Tag Archives: Marilynne Robinson
We spend our lives in this world trying to find a home. Trying to make a home. We rent a place or buy a place or we stay with friends. We bring our bag of belongings to a church basement. We get on a plane to go from a refugee camp to a new country that’s been willing to receive us. We decorate. We personalize. Even detained immigrant children will try to give some beauty to their surroundings.
It wasn’t until I’d been preaching and writing like this for a number of years that the pathos of John Ames’s sermons in Gilead, boxed up in the attic and waiting for his post-mortem bonfire, really hit home. I was exposed to a massive dose of T.S. Eliot at an off-label age, and I was perhaps too complacent with his running theme of the life and death of words and their meanings. “These things have served their purpose; let them be,” I learned by heart before I had made much of anything to be attached to in the first place. Now I’m a million-odd words deep into a vocation whose tangible products are subject to nearly instant forgetting, recycling, the half-life of modest virality, and the onset of linkrot, and I am tempted to be less philosophical.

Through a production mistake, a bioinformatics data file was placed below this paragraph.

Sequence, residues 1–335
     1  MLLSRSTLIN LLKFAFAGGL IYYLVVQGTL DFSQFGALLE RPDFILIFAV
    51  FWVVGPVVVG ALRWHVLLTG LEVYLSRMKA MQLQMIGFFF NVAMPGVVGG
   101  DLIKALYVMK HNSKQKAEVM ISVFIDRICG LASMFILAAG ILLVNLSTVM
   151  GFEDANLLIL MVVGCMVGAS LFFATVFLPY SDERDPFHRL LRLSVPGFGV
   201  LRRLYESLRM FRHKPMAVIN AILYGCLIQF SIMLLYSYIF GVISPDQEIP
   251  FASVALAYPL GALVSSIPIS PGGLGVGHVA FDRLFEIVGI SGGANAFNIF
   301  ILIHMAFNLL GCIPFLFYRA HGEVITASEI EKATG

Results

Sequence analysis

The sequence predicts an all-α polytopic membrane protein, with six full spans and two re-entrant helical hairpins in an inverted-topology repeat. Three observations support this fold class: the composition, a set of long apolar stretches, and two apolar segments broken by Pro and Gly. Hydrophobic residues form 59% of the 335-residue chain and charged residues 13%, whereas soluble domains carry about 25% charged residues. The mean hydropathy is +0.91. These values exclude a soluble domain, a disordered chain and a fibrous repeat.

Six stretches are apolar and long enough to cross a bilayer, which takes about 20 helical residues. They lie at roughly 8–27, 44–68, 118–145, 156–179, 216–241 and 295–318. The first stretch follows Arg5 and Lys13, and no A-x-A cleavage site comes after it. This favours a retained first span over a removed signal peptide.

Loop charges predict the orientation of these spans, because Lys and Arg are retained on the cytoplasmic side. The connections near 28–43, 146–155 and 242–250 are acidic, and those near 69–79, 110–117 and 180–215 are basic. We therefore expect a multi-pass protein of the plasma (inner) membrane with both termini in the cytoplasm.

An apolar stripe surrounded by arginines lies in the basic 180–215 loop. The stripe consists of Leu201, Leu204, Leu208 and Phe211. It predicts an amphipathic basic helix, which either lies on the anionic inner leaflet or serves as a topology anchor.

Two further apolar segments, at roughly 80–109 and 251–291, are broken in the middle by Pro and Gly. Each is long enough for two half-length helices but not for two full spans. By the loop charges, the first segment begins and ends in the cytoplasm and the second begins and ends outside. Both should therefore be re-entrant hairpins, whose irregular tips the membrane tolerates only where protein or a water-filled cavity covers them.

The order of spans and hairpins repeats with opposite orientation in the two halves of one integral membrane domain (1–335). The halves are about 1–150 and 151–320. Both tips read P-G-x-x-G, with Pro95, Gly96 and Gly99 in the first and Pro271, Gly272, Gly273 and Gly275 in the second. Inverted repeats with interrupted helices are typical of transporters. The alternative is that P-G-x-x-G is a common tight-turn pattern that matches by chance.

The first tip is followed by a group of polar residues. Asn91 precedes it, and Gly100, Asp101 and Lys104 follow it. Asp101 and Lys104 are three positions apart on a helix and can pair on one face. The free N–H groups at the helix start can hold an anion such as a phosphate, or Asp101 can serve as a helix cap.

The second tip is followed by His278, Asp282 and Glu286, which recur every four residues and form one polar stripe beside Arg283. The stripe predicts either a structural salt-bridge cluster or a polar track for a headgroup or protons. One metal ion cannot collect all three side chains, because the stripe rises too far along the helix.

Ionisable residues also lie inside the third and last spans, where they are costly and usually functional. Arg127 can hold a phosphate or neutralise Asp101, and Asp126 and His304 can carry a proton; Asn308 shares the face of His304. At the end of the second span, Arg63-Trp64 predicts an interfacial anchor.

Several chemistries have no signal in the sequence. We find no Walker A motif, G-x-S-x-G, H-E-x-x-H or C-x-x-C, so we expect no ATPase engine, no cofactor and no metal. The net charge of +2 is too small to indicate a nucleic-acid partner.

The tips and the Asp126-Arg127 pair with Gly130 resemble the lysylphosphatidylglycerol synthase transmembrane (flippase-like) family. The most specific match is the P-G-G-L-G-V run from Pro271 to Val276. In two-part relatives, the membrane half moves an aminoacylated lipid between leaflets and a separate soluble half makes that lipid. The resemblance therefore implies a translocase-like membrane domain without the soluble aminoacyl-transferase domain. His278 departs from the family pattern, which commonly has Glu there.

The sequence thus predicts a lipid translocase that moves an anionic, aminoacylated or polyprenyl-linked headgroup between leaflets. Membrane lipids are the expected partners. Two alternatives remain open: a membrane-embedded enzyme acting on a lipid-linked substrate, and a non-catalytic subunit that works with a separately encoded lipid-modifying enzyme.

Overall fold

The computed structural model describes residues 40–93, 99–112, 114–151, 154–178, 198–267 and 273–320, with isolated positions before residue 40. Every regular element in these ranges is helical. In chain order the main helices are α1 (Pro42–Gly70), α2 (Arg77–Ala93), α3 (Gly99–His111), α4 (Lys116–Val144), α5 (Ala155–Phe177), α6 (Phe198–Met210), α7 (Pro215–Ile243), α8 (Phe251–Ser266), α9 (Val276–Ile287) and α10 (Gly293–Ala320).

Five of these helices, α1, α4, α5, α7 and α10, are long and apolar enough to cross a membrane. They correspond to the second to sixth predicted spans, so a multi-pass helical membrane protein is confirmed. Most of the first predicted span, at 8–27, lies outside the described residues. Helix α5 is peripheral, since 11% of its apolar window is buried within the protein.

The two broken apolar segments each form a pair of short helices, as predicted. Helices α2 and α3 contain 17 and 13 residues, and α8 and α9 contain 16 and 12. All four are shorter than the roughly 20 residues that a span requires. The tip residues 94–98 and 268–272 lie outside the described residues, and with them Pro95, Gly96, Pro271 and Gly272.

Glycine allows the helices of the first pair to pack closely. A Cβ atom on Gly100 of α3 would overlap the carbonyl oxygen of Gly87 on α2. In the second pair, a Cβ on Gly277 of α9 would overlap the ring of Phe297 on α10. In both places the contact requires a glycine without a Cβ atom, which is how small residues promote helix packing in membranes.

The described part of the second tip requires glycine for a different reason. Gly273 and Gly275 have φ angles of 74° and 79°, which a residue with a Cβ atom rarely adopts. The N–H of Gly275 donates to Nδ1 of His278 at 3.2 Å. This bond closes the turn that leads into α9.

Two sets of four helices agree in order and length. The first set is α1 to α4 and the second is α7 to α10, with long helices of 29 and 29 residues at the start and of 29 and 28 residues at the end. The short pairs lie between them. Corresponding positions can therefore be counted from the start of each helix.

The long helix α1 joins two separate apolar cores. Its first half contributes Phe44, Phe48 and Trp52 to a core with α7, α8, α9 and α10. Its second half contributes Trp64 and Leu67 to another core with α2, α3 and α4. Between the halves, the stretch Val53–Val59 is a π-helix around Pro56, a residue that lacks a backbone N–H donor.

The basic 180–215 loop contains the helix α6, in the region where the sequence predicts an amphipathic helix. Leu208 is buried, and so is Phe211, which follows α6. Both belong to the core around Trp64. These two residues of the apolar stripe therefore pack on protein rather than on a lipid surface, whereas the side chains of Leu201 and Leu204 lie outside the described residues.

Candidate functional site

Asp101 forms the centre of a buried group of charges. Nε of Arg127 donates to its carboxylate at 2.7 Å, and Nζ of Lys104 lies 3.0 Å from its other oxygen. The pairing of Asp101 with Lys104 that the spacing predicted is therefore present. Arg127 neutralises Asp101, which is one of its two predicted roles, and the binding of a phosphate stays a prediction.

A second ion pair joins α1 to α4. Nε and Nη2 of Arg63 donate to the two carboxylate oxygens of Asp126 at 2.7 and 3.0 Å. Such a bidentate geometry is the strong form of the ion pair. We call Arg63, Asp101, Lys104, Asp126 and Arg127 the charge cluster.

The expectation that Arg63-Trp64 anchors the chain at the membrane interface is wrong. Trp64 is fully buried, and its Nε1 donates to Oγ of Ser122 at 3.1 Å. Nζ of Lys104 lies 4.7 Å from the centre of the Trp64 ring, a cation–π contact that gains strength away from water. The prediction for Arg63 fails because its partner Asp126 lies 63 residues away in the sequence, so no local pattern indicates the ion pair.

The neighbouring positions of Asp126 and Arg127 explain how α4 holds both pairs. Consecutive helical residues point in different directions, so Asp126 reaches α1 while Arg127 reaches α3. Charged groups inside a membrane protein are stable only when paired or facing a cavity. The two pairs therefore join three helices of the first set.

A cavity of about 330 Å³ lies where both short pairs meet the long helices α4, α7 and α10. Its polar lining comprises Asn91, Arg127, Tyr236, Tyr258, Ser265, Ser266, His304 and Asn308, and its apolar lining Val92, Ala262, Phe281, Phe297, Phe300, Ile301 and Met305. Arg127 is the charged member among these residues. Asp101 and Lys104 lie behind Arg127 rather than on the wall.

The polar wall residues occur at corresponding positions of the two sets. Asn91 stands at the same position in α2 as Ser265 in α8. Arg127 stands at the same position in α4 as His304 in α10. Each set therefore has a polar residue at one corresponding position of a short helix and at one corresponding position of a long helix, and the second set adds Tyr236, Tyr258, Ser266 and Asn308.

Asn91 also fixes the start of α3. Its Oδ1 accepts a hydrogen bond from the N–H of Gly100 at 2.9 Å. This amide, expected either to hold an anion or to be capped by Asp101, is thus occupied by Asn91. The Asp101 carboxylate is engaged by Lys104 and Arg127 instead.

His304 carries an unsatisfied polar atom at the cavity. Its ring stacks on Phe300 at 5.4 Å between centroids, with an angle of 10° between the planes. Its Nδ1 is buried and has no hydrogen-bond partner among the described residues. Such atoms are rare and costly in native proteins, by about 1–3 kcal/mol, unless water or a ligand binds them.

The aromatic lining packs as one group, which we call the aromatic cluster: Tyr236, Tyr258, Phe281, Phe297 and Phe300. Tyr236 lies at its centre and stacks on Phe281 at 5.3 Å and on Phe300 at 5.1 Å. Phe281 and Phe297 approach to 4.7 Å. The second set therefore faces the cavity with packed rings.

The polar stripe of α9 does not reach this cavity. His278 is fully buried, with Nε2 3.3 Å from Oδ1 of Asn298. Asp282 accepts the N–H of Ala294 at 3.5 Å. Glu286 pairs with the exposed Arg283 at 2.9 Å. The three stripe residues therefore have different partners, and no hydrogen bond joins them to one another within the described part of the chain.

(Note: I preached this sermon on this Sunday in 2014) Can you wash off your baptism? That’s the question of a character in an astonishing new book. Lila the book is called, and the character of the same name is wondering just what she’s gotten herself into. Born around the time of the First World War, […]
(I wrote this in July, 2008, shortly after my internship at Bethel-Imani Lutheran church ended) Early last year, after buying yet another friend a copy of Gilead to see him on his journey away from Chicago, I read the opening on the train. I made myself stop after this: I don’t know how many times people have […]